The board portal concept is born

It wasn’t until 2005 that the board portal as a category found its footing. Around this time, the term “electronic boardbook” was replaced by the “board portal” concept that is in use to this day. This was an implicit acknowledgment that newer technology could do much more than provide simple electronic access to board materials.

A new demand: from access to process

The second-generation board portal that emerged in 2007 web-enabled all board processes as they were practiced inside a typical Fortune 500 company. This iteration of the board portal included a corporate secretary toolkit for creating an online agenda, managing and tallying director input, and assembling a boardbook from Microsoft Word.

The iPad as game changer

After the release of the first iPad in 2010, boards across a wide range of organizations moved quickly to board portals. The iPad combined immediacy of online access with the readability of print. In a short 18-month period, board portals became a must-have in boardrooms across the globe.

What to Look for in Board Portal Technology

Most directors today carry their iPads everywhere and rely on them for access to their board materials—even when they’re out of Wi-Fi range. The online-offline syncing found in an advanced board portals provides directors up-to-date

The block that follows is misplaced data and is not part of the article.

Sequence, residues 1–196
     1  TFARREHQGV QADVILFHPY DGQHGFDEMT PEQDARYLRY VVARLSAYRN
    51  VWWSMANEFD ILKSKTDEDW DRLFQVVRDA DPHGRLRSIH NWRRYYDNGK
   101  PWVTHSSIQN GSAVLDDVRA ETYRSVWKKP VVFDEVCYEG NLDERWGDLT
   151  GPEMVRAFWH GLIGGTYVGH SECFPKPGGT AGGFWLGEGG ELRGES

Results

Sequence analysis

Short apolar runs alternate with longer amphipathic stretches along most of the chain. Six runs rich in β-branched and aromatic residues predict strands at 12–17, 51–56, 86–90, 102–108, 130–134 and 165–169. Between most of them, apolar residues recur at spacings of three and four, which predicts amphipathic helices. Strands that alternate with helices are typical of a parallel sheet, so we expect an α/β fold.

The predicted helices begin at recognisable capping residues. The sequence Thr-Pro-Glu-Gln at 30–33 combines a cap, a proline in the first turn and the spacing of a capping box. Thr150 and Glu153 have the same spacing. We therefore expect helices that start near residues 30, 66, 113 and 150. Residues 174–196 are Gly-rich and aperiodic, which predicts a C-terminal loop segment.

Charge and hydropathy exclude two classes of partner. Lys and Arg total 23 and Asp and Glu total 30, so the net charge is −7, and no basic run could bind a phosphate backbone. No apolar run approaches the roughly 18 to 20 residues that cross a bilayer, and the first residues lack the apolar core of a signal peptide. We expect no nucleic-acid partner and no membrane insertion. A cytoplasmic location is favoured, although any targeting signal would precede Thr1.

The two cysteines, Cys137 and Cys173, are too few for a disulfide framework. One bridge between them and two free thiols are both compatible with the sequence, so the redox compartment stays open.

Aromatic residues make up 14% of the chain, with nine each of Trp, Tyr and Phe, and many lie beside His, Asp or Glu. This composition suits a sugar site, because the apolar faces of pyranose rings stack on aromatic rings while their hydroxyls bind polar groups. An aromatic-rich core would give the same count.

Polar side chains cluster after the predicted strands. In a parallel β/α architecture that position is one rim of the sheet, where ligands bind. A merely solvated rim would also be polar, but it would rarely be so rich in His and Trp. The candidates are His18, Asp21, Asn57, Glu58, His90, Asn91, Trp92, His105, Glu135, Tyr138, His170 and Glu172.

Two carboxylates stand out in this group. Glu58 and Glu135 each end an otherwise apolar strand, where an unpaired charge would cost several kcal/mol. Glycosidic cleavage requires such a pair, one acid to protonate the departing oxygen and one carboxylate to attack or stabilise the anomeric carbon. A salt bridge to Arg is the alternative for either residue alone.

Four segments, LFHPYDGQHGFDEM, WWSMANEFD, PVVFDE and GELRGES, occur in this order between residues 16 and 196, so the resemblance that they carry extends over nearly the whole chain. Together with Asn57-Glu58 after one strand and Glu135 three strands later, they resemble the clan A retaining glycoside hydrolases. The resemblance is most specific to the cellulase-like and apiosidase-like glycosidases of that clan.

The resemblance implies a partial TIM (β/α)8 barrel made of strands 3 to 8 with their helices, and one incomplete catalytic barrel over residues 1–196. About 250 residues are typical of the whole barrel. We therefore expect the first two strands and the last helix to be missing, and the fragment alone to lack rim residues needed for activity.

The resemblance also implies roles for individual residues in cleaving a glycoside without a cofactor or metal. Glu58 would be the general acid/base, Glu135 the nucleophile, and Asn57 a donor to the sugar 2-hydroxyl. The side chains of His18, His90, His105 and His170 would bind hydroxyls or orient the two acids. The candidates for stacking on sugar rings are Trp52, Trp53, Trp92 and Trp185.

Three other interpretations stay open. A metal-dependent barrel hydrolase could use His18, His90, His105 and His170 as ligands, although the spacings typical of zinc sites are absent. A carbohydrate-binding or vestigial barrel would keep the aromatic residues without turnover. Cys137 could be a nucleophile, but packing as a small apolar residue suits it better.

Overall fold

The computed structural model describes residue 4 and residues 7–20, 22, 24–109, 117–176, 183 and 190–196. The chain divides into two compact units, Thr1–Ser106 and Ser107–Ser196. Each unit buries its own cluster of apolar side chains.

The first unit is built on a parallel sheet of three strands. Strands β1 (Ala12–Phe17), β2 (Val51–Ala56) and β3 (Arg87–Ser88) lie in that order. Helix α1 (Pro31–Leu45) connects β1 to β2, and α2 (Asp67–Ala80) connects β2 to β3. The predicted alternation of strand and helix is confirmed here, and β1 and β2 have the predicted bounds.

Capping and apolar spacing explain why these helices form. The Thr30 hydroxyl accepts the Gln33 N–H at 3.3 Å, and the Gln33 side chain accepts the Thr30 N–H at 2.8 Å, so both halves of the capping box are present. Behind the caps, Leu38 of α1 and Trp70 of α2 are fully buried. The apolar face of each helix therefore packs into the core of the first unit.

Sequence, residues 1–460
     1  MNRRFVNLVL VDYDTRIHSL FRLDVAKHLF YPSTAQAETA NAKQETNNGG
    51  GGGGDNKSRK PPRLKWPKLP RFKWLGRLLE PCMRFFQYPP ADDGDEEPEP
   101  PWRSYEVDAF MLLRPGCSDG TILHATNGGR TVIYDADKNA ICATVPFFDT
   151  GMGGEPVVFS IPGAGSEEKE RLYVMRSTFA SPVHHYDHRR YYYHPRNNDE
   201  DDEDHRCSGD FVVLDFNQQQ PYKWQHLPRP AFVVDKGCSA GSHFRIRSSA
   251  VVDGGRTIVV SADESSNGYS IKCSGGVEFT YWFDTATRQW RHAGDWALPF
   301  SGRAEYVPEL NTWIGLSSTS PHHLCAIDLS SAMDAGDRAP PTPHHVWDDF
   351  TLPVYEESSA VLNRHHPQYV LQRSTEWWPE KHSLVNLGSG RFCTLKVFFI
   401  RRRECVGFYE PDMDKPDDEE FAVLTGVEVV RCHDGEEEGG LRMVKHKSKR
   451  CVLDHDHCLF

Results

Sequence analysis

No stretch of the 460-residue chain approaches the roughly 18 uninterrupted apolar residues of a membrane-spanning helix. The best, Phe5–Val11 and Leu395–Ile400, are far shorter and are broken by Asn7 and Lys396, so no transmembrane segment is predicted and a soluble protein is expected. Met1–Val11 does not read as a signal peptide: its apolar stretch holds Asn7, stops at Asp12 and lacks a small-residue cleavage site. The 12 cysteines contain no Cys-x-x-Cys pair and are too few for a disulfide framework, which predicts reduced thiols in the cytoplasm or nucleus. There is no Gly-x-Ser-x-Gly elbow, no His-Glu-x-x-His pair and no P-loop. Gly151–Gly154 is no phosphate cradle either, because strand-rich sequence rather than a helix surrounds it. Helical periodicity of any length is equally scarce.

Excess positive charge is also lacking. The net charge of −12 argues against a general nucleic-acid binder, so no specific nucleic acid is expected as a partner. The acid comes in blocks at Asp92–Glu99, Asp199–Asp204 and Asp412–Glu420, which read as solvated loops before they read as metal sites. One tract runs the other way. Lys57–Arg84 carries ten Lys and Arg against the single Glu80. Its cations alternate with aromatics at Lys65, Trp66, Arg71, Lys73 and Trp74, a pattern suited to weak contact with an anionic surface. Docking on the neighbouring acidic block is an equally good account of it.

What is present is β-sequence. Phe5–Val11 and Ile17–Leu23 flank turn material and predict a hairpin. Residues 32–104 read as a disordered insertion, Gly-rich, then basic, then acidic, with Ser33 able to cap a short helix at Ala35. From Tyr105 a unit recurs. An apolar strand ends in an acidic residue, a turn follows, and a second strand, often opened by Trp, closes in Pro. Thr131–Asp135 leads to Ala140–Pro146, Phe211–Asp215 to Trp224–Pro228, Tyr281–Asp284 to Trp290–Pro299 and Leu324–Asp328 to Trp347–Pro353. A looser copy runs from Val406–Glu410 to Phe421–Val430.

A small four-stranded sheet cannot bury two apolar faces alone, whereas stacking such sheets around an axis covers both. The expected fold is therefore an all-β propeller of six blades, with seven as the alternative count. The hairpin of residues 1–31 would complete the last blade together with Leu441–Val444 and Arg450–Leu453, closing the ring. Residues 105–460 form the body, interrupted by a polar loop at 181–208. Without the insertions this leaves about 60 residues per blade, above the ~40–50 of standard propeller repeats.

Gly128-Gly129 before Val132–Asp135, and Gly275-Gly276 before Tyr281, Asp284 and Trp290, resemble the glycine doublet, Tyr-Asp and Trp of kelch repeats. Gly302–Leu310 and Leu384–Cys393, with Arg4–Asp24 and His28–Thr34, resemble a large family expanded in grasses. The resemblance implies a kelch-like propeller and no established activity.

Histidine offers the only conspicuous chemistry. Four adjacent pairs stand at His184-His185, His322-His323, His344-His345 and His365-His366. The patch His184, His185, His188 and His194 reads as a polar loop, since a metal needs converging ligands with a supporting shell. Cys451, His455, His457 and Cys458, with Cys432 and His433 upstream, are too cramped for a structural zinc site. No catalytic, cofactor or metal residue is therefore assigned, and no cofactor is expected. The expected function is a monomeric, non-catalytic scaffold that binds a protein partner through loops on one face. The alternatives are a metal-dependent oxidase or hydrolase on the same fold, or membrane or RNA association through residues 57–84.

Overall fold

Five requirements of an efficient board portal product

1. A better-than-paper experience.

Though paper may be cumbersome, expensive and slow,
it has the advantage of giving boards control over who sees what and when they see it. When you replace this process with a board portal, the technology needs to have the equivalent ability to differentiate access between various users (this is called “content segregation”).

2. Two-way communication.

For years, the board portal was a one-way communication tool used between the general counsel and the directors. Now portals are shifting to two-way interactive capabilities that can improve decision making by providing greater efficiency
and allowing directors to focus on the substantive issues rather than minutiae.

3. Online-offline syncing.

Board portal technology uses an electronic “briefcase” (an encrypted folder designed for storing sensitive documents and personal notes) to give directors mobile access to materials even when they’re offline. Information in the briefcase is automatically synced when Wi-Fi is restored. It lets the general counsel push
new materials directly to the directors’ devices (usually an iPad) to ensure that they have the latest information.

4. Protection against discoverability.

Making the boardbook accessible on a director’s iPad creates potential legal exposure if the director forgets to purge the information at the end of the quarter. To eliminate this risk, the board portal system must have centralized control so that downloaded content and directors’ notes can be purged remotely by the person assigned this role.